No republic status before Jamaica 60 celebrations

Minister of Legal and Constitutional Affairs, Marlene Malahoo Forte, QC, MP, JP
Minister of Legal and Constitutional Affairs, Marlene Malahoo Forte, QC, MP, JP (Photo credit: Jamaica Information Service)

Jamaica’s long-awaited republic status will not be achieved in time for the island’s 60th independence anniversary on 6 August 2022. This was the announcement made by Constitutional Affairs Minister, Marlene Malahoo Forte in a post-cabinet press briefing last Wednesday. “Unfortunately, the procedure settled in the constitution will not permit that timing to be met,” Malahoo Forte said.

When Barbados became a republic last year, calls intensified for Jamaica to follow suit, but the Minister clarified that unlike Barbados, Jamaica’s road to becoming a republic will be more difficult. Matters relating to  Queen Elizabeth 11 as head of state of Jamaica is a specially or deeply entrenched provision in the Constitution. Other specially entrenched provisions include the dissolution of Parliament, the holding of general elections, and so on. “There are differences between the two countries [Jamaica and Barbados]. They have different constitutional provisions and unlike Jamaica, they did not require a vote from the people to make that important change in their constitution,” she continued.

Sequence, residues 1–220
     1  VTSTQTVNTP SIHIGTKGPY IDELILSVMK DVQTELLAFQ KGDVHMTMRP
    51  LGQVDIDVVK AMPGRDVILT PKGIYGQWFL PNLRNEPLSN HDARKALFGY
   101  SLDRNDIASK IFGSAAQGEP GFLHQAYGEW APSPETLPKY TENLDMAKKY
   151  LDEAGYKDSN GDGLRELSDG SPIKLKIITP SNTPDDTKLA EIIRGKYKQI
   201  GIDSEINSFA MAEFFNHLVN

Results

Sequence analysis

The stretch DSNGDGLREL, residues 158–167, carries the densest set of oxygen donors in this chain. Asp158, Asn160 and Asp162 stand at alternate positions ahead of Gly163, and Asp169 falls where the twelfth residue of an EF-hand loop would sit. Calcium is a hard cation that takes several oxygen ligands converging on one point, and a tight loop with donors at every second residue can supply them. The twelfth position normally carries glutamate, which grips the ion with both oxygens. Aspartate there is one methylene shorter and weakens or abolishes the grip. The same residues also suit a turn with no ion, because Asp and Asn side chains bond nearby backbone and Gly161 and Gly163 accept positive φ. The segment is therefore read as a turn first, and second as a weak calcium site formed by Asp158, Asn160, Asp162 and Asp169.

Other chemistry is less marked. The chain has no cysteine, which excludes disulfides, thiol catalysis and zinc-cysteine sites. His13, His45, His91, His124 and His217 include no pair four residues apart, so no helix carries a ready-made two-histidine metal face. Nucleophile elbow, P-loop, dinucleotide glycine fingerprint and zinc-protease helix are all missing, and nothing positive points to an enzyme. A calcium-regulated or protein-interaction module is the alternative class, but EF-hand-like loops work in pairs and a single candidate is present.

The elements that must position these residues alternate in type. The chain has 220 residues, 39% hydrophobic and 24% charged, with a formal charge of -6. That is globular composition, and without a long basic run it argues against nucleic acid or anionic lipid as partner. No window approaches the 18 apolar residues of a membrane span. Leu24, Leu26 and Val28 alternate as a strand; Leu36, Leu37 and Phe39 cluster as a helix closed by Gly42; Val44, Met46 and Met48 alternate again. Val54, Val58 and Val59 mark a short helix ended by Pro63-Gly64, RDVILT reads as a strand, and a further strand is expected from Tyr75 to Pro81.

This public vote is called a referendum. Before a referendum can happen, amending a deeply or specially entrenched provisions also require a 2/3 vote of the members from each house, the Upper and Lower House. “Before a bill which seeks to amend the ordinarily or deeply entrenched provisions can go through, there is a requirement of a three-month period between the date when the bill is tabled on the House and the commencement of the debate. So, here we are now in April, and we have just commenced the sectoral presentation. Even if the bill were to be tabled, you’d have May, June [and] July before any debate put commence,” she explained.

She went on to say, further, that because the constitution is supreme in Jamaica, all procedures have to be carried out in accordance with it.

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